Best-Selling Author Robert Flanagan’s Review of Seven in a Jeep

Maggot by Robert FlanaganRobert Flanagan is the best-selling author of Maggot, the critically-acclaimed book of Parris Island, location of Marine Corps. boot camp, in the era of the Vietnam War.  Robert Flanagan is also an award-winning poet and short story writer.

Ed Gaydos would like to thank Robert for providing the following review of his new book, Seven in a Jeep (Columbus Press).


In his Vietnam War memoir Seven in a Jeep, (2013, Columbus Press, Columbus, Ohio) Ed Gaydos presents a candid self portrait of a confused, frightened, but dutiful young American soldier in Vietnam 1970. In doing so he captures the essence of his eleven month tour of duty in a world of “concertina wire, machine guns, work details, latrines, prostitutes and the aftermath of enemy attacks.”

Gaydos, who had studied to become a Catholic priest, ended up at an artillery base in central Vietnam firing mortar rounds at a generally unseen enemy. There, he discovered the brutal truth that a reluctant combatant can be transformed by combat to a willing killer. In Gaydos’s case he stepped out of his hooch one morning and heard the “sharp, popping sound…of an AK47, the automatic rifle used by the North Vietnamese Army and the Viet Cong, “felt a wave of nausea,” and realized that “someone was out to take my life. In that defining instant my whole world changed; I changed. I forgot the values of my upbringing about the sanctity of life. I overthrew years of priestly formation aimed at helping other people. In a blink I was ready to kill. Before he killed me. It was oh-so easy; no more bother than putting on a different hat.”

Even so. his narrative does not lack the soldier’s typical black humor. The book’s title, Seven in a Jeep, for instance, has nothing to do with a life or death moment of attacking or fleeing the enemy, but rather to troopers rushing from a whorehouse to escape a surprise visit to the forbidden site by their punitive commanding officer.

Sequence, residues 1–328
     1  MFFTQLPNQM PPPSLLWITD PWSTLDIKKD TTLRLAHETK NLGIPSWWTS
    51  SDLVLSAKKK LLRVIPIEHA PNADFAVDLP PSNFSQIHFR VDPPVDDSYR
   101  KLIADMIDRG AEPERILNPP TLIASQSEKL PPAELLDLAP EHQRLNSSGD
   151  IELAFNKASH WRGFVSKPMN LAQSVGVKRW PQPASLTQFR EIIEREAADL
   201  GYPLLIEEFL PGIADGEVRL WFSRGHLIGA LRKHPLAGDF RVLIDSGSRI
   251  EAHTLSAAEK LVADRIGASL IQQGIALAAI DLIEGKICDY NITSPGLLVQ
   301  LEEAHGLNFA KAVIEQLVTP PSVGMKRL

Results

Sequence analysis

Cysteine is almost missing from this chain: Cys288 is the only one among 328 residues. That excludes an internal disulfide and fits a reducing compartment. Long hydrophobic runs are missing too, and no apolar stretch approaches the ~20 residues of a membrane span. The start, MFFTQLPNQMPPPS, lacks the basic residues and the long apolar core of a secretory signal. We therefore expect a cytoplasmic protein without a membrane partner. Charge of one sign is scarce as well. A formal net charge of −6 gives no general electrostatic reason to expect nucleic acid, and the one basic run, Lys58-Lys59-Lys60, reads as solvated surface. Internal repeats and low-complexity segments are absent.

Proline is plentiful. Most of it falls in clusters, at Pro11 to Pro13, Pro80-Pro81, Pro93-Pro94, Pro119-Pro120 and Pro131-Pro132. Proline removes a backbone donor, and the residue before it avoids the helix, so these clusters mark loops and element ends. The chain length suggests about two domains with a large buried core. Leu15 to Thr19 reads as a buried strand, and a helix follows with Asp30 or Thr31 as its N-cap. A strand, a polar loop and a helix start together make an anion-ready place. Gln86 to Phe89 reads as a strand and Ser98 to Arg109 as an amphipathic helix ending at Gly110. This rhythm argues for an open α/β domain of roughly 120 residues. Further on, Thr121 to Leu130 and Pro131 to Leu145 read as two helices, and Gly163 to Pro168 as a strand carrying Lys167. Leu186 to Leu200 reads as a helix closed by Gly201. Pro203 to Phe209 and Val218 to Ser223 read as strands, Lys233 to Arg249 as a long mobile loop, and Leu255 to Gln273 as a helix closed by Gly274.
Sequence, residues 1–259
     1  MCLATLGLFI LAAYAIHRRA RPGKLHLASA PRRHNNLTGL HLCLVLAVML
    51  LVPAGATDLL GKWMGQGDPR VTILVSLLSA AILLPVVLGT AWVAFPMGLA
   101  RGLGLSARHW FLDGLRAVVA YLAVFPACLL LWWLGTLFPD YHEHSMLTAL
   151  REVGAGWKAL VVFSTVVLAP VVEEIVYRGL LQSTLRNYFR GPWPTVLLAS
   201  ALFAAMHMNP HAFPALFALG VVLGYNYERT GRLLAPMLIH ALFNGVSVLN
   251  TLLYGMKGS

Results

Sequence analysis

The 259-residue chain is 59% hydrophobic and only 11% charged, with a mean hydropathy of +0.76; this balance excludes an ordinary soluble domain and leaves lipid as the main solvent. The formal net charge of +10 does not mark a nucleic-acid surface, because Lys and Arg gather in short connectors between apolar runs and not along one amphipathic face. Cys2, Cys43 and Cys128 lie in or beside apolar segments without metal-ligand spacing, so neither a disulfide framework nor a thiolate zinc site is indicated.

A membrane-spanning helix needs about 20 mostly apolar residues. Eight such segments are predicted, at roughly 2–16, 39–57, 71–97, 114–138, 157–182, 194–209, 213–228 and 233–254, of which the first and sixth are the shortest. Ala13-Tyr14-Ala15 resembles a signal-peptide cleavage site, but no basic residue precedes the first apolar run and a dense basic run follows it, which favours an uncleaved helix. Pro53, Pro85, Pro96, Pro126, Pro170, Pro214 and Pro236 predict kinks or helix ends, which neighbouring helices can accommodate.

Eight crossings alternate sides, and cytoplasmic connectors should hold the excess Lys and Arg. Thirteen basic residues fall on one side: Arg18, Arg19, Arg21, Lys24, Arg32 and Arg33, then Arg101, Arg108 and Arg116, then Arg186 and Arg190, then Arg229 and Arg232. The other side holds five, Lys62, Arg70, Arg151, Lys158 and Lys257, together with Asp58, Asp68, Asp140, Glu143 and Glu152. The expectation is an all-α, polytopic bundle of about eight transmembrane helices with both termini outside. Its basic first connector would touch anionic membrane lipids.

That the core story in Seven in a Jeep has been told and retold in fiction, history and memoir from Homer’s Iliad and the Old Testament’s Book of Joshua through the American War of Independence, Civil War, WWI, WWII, Korea, Viet Nam, Afghanistan and Iraq does not lessen its impact: rather it corroborates the truth of its message. War can do great damage, physical, moral and psychological to the individual combatant. Each dog face, jarhead, flyboy, or swabby has to witness on his or her own the boredom of duty, idiocy of command, terror of combat, and murderous rage brought on by fear. Just as each age needs to discover for itself the cruelty of combat, the frequent idiocy of command, and the blood brother relationship of squad and platoon members.

Most every soldier’s war could be summarized as succinctly as Gaydos does regarding his experience. “We fought, and some of us died, out of devotion to fellow soldiers. Not for some larger sustaining cause.”